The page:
High-Tech, I Love You But You’re Bringing Me Down

This afternoon, overcome by a mounting frustration at being unable to get two monitors working on my new single-graphic-card-equipped home desktop personal computer, I blurted out the following on Facebook (only a couple of minutes before I entered a plaintive plea for help on the same forum, which resulted in several responses, and indeed, even a phone call from an old friend):

Nothing quite sums up our relationship with some kinds of high-tech better than the fact that in order to get it to work, you have crawl around on your hands and knees.

I’m not exactly a naif when it comes to high-tech; indeed, to invoke the spirit of Walter White‘s claim that he was the one “who knocks on doors,” I’m often the person asked for technical help by my friends. But over the years, I’ve lost my patience with the promises of the high-tech world: all too often, to interact with high-technology is to be left fuming, spluttering, hypertension and cortisol levels spiked. Many interfaces still remain counterintuitive, trouble-free interoperability between different kinds of devices–and the software they run–remains a distant mirage, and day by day a bewildering alphabet soup of formats, protocols, decimal-annotated versions, and their various misbegotten cousins rains down on our heads like a malevolent anti-manna.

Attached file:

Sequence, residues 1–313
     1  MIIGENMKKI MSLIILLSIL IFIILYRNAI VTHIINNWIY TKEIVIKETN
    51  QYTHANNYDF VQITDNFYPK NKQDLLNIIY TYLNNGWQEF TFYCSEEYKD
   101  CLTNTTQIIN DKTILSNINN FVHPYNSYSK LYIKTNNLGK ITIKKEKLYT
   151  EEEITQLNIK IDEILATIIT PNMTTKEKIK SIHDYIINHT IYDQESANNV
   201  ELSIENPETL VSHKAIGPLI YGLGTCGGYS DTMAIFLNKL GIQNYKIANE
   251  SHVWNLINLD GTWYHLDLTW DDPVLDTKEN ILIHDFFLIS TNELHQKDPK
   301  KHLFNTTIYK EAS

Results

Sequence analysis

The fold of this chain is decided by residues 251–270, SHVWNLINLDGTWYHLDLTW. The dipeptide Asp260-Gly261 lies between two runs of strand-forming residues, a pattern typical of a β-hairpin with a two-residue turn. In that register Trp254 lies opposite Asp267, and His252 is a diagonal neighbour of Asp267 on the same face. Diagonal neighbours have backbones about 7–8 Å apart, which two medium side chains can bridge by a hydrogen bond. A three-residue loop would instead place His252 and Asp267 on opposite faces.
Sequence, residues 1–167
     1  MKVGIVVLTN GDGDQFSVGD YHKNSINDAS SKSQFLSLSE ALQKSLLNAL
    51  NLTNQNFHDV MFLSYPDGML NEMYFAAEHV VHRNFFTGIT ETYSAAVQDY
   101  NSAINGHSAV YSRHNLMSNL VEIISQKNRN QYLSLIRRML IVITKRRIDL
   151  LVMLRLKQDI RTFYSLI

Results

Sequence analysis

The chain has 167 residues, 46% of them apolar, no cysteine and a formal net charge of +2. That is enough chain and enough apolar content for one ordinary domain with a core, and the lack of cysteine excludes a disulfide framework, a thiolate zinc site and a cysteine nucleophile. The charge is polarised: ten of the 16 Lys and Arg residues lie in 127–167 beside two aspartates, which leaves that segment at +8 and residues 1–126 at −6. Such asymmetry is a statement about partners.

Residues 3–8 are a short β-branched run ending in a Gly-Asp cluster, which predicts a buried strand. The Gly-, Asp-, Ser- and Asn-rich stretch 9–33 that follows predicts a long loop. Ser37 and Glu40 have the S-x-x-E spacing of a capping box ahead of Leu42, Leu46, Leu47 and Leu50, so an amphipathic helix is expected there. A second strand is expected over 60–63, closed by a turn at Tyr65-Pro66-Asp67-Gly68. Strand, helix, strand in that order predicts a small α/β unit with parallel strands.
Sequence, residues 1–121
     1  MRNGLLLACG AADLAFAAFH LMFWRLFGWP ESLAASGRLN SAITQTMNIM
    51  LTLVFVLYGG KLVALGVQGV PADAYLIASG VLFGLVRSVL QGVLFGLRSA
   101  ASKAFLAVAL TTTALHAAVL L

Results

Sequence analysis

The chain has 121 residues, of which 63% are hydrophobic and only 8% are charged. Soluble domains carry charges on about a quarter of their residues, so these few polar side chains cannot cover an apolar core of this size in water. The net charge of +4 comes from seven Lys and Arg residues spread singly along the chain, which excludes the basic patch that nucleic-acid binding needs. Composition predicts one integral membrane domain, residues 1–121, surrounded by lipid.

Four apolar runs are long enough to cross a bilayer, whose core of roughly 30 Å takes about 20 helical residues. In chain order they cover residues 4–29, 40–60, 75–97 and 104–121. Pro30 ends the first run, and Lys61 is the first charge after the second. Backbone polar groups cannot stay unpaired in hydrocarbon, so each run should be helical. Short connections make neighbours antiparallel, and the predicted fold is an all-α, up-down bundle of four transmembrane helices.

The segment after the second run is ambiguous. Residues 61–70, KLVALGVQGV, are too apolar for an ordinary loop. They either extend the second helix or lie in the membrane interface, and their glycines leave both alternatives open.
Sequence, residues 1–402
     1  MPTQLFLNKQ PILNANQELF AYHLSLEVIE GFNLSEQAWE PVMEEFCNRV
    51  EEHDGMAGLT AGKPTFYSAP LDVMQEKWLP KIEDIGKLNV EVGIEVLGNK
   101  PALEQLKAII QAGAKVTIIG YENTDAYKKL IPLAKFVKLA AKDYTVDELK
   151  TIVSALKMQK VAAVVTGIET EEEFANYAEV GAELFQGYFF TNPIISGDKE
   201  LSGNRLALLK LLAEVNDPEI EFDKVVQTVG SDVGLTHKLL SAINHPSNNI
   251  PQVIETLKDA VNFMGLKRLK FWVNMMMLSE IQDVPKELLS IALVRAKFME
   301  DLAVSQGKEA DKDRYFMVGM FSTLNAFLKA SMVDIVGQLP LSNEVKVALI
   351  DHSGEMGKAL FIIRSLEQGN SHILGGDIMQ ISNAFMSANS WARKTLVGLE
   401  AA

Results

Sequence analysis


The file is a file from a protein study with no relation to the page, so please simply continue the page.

I know, I know, I sound like an old fart. Fair enough. I’m not that young anymore, and it’s been years since I wrote my last line of code (whether in a lowly scripting language or in a more exalted programming language.) But the funny thing is, I used to bitch and moan like this even when I was a ‘techie,’ a programmer and systems analyst at Bell Labs, or later, a UNIX system administrator. I’ve always felt vaguely resentful of the discordance between the promises of high-tech and the stress it induces in our lives. (My complaints about the ‘fragility of the digital’ are another dimension of this unease.)

Yes, I’m well aware that I’m getting this message out using a writing and distribution platform on a computer connected to a gigantic worldwide network, which I use daily for communication, entertainment, and accessing vast stores of information relevant to my ongoing learning and education. Respect. Much respect. I am staggered by the ingenuity and brilliance and labor that makes this thing–or things–work. But this same friend and aide, the one dispensing benefactions which make our lives so much easier, also exacts a fairly high psychic cost. (I have, on many an occasion, felt like hurling my computer monitor at the wall.)  And, yes, I’m aware, my complaint today this is not a particularly new complaint. But it remains interestingly persistent and finds newer forms of expression as our technological ‘gifts’ and ‘burdens’ grow in seemingly equal proportions. Perhaps that’s the sobering part of this giddying rush onwards to the ever greater technologization of our lives.

Note: I have still not managed to get my two monitors to work. At one point in the afternoon, I decided I had had enough of looking up help forums on the net and banging my head on my desk, and decided I would get to work instead. On a computer, of course.